It’s all about making things right.
Schools in the Merced Union High School District, Merced County Office of Education and the Le Grand Union High School District are using a restorative justice model to reduce student discipline problems as well as the number of suspensions and expulsions.
Preliminary indications show it’s working.
Educators with these school systems held a daylong workshop at United Way offices in downtown Merced, with help from the California Endowment and the Oakland consulting firm Human Impact Partners. It was the third of four planned meetings.
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Donna Alley, superintendent of the Le Grand district, explains restorative justice this way: It has to bring equity or correct injustices that have been done. Misbehaving students must come up with a way to repair damage from fights with others or discipline issues with administrators.
“I really like restorative justice,” Alley said. “It has done some positive things for our kids and has kept them in school. We have found it to be very positive.” The Le Grand district will start its third year with restorative justice this fall.
Tammie Calzadillas, assistant superintendent for educational services with Merced Union , said Buhach Colony High School and Yosemite High School have been the district’s leaders with the restorative justice model.
“Restorative justice is a set of principles and practices put in place to build community and respond to student misconduct, with the goals of repairing harm and restoring relationships between those impacted,” Calzadillas said.
Both the theory and practice of restorative justice emphasize the importance of identifying the harm, involving all stakeholders and establishing accountability – taking steps to repair the harm and address its causes.
Brian L. Mimura, Fresno-based program manager with the California Endowment, said school districts and community representatives have held several meetings to identify the health benefits of reducing suspensions and expulsions by creating a more positive approach to discipline.
“We want to get away from the old school rule of just sending them to the office and suspending them three days,” Mimura said. “That excludes the student from the school system. We are taking an approach that’s more restorative, building relationships between teachers and students. The focus is on having a conversation and dialogue between parties.”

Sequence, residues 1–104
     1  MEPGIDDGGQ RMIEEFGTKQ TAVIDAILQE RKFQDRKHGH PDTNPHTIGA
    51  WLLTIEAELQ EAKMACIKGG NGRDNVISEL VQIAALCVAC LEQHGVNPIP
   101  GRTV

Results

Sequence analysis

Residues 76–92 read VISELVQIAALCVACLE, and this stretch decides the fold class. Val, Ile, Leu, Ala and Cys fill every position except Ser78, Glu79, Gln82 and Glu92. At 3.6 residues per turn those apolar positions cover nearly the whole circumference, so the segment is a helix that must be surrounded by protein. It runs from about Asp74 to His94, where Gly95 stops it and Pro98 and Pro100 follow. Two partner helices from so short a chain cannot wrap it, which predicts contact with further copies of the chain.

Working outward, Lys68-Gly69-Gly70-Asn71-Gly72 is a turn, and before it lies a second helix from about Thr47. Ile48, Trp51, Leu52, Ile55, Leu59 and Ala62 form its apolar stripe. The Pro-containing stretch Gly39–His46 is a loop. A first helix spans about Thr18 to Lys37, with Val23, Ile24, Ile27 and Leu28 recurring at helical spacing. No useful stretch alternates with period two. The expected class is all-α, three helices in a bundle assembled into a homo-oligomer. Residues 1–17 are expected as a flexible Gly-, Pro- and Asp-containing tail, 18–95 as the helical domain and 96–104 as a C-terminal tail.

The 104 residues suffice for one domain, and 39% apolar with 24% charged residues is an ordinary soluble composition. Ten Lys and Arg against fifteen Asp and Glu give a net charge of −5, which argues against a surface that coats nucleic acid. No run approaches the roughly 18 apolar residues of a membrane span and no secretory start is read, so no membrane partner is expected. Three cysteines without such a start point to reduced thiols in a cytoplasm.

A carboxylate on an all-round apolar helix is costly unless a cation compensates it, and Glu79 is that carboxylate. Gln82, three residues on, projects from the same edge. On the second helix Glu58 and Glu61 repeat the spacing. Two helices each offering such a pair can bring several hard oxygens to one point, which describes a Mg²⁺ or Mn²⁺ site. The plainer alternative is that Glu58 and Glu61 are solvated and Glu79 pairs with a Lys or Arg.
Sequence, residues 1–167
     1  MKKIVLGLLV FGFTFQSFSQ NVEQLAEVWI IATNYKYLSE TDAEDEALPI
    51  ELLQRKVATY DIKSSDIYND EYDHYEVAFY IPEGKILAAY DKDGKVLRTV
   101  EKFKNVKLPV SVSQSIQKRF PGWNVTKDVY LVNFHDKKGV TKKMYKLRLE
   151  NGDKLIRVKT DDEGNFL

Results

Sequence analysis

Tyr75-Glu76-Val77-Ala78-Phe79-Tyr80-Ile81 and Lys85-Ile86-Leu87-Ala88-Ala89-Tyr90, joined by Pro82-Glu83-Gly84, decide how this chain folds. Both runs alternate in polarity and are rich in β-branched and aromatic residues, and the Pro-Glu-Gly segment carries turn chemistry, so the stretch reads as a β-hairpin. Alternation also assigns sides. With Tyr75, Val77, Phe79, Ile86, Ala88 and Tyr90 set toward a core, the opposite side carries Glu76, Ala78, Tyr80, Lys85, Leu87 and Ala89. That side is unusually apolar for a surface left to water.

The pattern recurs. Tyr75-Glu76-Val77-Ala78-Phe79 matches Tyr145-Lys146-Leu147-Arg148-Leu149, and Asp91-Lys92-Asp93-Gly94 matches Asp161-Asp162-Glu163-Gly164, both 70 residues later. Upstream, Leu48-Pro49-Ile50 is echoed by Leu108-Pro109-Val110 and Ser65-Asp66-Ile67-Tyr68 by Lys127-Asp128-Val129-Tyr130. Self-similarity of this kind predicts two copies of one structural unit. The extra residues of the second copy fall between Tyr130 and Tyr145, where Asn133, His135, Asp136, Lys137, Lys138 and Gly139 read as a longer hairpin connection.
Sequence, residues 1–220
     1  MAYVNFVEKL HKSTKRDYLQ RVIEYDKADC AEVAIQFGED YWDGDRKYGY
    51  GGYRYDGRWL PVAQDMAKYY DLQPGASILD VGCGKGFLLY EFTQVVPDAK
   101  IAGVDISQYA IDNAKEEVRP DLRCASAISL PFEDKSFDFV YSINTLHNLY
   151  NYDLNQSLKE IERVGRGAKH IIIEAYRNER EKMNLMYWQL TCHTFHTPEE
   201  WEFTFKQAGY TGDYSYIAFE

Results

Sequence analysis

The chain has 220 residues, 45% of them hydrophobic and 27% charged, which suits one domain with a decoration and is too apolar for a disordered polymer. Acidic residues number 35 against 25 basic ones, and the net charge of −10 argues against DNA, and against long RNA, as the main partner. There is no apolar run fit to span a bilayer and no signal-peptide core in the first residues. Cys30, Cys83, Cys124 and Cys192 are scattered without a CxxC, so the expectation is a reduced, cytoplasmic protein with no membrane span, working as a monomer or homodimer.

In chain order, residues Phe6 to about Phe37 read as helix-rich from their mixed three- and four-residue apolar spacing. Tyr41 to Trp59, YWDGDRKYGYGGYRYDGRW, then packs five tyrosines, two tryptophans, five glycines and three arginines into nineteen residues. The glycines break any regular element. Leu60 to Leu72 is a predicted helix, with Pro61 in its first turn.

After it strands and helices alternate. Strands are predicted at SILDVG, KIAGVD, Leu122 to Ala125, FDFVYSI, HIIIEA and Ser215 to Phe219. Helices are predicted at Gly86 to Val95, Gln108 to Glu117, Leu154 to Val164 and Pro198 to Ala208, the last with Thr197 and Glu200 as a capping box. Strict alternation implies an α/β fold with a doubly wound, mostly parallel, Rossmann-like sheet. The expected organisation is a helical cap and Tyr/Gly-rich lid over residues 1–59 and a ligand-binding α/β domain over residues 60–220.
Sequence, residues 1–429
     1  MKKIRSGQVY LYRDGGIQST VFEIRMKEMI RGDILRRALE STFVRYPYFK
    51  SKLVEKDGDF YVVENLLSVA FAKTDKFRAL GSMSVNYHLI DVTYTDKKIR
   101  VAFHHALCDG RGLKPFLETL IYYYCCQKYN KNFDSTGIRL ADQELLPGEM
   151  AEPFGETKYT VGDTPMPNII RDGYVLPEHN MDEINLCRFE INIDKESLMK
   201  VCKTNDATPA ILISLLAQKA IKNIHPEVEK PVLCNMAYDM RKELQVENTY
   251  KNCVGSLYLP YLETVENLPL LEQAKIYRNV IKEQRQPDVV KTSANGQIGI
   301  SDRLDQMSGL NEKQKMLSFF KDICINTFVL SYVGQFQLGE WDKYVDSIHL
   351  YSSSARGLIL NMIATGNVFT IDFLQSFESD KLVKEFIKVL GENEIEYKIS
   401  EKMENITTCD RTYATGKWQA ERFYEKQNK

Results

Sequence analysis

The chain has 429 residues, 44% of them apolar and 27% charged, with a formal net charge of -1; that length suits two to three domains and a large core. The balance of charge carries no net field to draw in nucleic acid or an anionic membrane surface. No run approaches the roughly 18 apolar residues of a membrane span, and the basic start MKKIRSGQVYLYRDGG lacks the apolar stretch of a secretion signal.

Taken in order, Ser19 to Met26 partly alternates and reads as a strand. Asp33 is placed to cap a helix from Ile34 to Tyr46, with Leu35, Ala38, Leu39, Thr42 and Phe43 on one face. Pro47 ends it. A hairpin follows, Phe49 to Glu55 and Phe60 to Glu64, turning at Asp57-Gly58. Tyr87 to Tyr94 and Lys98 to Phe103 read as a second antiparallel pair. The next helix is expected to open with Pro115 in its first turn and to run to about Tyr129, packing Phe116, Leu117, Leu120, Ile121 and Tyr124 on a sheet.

Darren Sylvia, the high school district’s director of student support services, said restorative justice was started last year at Golden Valley, El Capitan, Sequoia and Buhach Colony high schools. Training in restorative justice will expand to Merced, Atwater and Livingston campuses this fall.
Sylvia said the district has seen a significant change in discipline problems and suspensions:a 10 percent to 30 percent drop in referrals and suspensions and nearly a 60 percent drop in expulsions.
The district’s teachers association has embraced the program, with teachers participating in training and learning new ways to build relationships with students, Sylvia said.
The district’s discipline committee of administrators, teachers and students wrote procedures to include interventions, or preventive measures, to keep students from making bad choices, he said.
“Being in school is most important,” Sylvia said. “You can’t teach if they’re not in school or fix their behavior if you send them home. There are layers of discipline, and we do more positive behavioral influences versus punitive steps.”
There were 33 fewer suspensions districtwide for the 2013-2014 school year, which ends this month, compared with the previous 12-month period. That’s 1,000 fewer days of suspension, Sylvia said, and it means administrators can focus on instruction rather than deal with discipline issues.
Holly Newlon, assistant superintendent for career and alternative education with the county schools office, said the second year of restorative justice just finished at Valley Community Schools in Merced, Atwater and Los Banos. There are 600 students from sixth through 12th grades at those campuses.
Newlon said moving from traditional discipline to the restorative model takes three to five years. She said MCOE schools need to refine their practices for conflict resolution and mediation.
“We are committed and willing to do the work it takes to get there, to move to a more restorative climate,” Newlon said. “We’re reviewing the progress so far to determine what refinements need to be made.”
Mimura said restorative justice isn’t a program, it’s a shift in culture and philosophy, changing how educators relate to students. He said the process takes time and requires patience and perseverance.
“We just started implementing this a couple years ago,” Mimura said. “It has been shown in other places in the state in challenging environments; it works.”
The process develops a connection between school and students that’s called social cohesion, Mimura said. He said the state Legislature, through Assembly Bill 1729, is requires school districts to offer the restorative process.
In focus groups with young people, students have told administrators that suspensions don’t do any good, he added.